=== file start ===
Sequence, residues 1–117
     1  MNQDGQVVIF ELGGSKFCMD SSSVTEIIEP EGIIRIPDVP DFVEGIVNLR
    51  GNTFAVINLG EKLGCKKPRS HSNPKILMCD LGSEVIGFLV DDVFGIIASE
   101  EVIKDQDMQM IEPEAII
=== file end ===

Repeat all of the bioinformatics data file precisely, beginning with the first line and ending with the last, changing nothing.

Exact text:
Sequence, residues 1–117
     1  MNQDGQVVIF ELGGSKFCMD SSSVTEIIEP EGIIRIPDVP DFVEGIVNLR
    51  GNTFAVINLG EKLGCKKPRS HSNPKILMCD LGSEVIGFLV DDVFGIIASE
   101  EVIKDQDMQM IEPEAII